It started with a Redshank at the reservoir, not a rarity by any stretch but a good bird for Grimsbury. They don't tend to stay long when they visit, so maybe more pass through but leave before they are seen as they evade disturbance form fishermen, dog walkers or whatever else they take a disliking too. This was supported by a Common Sandpiper and two Common Terns, around ten Swifts and three Grey Wagtails. Not a bad start.
|The sandpiper and shank together|
I went straight out under the railway bridge in search of the Common Lizard I saw yesterday. It wasn't out today but there were several Brown Hawkers coming out of their roosts in the vegetation and dozens of Small Skippers on the wing. I doubled back through the wood to walk up the canal into the Upper Cherwell Valley. Not a lot happening in the wood but lots of calls from family parties and fledged juveniles.
As soon as I walked under the M40 bridge I saw a bird of prey coming towards me at around 60 m hight. Before I had looked through the binoculars I thought it was a harrier and on looking confirmed it was a Marsh Harrier. I took a couple of photos and looked again. It was a juvenile bird, so I'm guessing it is a bird dispersing from the breeding areas in the north west. It started banking to the east so I took a few more pictures. It was now beginning to be obscured by the hedge so I ran back to the gate by the M40 to get up onto the bund of the flood alleviation scheme. I got there and I scanned around and.... nothing! I think it must have carried on east and into Northamptonshire. As far as I know, this could be the first record for the Grimsbury / the Upper Cherwell Valley area (other than a dubious report from January this year), but I would be interested to know if someone could confirm that. This was undoubtedly the highlight of the day but there were more good birds to come.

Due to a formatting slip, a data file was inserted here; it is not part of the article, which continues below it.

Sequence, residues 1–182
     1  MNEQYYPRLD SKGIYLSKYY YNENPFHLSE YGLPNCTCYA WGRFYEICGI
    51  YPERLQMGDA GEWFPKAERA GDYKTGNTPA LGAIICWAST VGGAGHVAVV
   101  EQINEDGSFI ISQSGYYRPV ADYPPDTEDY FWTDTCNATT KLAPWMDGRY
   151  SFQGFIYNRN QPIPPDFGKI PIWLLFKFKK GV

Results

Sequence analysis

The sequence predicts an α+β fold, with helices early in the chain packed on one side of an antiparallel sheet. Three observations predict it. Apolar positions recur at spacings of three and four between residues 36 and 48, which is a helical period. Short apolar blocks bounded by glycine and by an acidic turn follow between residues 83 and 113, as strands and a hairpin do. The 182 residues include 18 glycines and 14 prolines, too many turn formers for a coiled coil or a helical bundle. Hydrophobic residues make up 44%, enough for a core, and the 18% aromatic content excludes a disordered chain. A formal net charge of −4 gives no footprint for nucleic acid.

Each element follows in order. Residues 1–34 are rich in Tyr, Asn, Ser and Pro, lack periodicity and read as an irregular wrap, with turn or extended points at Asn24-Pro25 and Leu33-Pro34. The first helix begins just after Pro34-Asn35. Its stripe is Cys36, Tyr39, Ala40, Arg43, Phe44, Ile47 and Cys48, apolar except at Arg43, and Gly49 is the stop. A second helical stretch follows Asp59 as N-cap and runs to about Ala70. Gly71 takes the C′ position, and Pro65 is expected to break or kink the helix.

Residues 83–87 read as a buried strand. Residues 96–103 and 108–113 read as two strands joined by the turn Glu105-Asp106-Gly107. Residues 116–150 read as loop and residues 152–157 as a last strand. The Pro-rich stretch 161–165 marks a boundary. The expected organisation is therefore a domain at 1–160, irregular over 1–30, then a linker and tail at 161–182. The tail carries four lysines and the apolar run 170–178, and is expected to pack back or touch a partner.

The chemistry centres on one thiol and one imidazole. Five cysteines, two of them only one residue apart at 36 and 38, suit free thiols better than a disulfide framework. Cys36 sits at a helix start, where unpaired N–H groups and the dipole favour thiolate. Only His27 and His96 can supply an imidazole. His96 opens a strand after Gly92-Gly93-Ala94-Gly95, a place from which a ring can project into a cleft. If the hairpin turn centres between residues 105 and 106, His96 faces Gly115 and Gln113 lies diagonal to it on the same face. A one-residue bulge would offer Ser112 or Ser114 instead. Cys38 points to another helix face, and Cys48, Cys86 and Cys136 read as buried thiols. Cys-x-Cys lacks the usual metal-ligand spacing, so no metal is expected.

Onto the Borrow Pit pool a juvenile/female type Pochard was keeping company with a female Tufted Duck, my first of the autumn. There was a further fifteen Swifts feeding here and they were joined by a single Sand Martin that is most likely on it's migration south. I was thinking of the harrier, so I optimistically scanned around the sky. I was surprised to come across a kettle of eight birds high above me. It turned out to be five Ravens, a Red Kite and two Buzzards. The Ravens must of been a family group and went off to the west. The Kite and Buzzards carried on circling until, for some reason, they suddenly all lunged at each other and tumbled down together for a few seconds. They broke off and the Kite went off east and the Buzzards continued their circling.
So other than the Marsh Harrier (and some would argue even the Marsh Harrier) nothing too rare but in the context of the patch itself, and even the area, a really good assortment of birds today. For a becoming bored patch worker it was really exciting stuff!